ABU DHABI (Reuters) - Police in Bahrain used water cannon and tear gas on Friday to disperse hundreds of protesters after a memorial for a Shi‘ite man jailed over last year’s pro-democracy uprising, witnesses said.
Clashes erupted when police tried to stop protesters reaching Pearl Roundabout, the focus of the mass protests that began in February last year. One water cannon caught fire as protesters threw petrol bombs and stones and a policeman was injured, witnesses said.
Bahrain’s Information Authority said Mohammed Ali Ahmed Mushaima, 23, had been in hospital since August and died of complications from sickle cell disease. Opposition activists say the authorities caused his death by denying him proper treatment. His funeral was held on Tuesday.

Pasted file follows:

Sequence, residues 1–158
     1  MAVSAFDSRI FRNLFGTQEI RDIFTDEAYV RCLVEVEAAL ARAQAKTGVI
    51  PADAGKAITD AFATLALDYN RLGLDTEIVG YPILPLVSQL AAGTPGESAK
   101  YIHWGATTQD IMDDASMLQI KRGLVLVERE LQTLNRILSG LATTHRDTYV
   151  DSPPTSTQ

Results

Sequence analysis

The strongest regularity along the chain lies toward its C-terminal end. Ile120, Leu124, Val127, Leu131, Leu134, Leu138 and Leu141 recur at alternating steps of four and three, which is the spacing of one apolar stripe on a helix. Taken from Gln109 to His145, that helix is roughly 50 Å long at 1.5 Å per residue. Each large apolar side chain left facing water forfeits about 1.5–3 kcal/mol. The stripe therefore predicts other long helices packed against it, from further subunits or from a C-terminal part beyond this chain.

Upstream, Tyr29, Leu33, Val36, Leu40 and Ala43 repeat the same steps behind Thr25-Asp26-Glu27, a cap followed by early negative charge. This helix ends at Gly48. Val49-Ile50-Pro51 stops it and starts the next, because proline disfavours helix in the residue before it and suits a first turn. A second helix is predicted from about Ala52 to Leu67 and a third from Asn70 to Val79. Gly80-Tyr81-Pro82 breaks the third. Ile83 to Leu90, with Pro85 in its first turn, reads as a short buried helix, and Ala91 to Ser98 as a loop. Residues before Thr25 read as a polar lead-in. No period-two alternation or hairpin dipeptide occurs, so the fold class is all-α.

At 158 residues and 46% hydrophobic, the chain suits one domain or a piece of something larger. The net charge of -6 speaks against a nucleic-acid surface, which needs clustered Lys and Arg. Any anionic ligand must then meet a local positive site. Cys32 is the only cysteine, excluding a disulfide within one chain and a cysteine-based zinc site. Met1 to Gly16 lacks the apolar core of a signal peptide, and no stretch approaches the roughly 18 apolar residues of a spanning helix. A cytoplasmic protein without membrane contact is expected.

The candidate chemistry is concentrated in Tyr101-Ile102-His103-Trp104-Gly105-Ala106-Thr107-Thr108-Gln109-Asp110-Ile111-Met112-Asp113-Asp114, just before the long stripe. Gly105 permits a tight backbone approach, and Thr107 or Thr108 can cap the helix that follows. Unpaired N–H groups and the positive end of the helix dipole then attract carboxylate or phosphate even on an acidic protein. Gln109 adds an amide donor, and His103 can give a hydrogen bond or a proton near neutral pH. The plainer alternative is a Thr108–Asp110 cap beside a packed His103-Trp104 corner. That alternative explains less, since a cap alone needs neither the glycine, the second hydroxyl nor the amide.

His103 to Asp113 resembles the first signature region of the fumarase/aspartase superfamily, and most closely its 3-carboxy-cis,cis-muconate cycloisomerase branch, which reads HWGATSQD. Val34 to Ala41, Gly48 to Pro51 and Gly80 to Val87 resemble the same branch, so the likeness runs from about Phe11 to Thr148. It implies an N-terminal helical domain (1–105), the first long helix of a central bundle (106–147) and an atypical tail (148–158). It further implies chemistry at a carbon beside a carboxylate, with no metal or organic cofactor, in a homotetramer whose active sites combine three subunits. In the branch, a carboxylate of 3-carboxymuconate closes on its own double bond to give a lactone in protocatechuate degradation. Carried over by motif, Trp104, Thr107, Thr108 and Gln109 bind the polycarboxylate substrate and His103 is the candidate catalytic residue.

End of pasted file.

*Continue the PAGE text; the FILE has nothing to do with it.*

Mushaima was jailed for seven years in March 2011 for “vandalism, rioting, assaulting a police officer and resisting arrest”, one of hundreds of people detained in weeks of mass protests inspired by uprisings in Tunisia and Egypt.
Despite a crackdown on the protests, that included two months of martial law, clashes between police and protesters occur almost daily in Bahrain, where the U.S. Fifth Fleet is based.
The protesters, mainly from the Shi‘ite majority, had demanded a bigger role for elected representatives and less power for the ruling al-Khalifa family, who are Sunni Muslims.
Shi‘ites complain of discrimination in the electoral system, jobs, housing, education and government departments.
Clashes between police and protesters also broke out after Mushaima’s funeral on Tuesday.
Reporting By Maha El Dahan; Editing by Janet Lawrence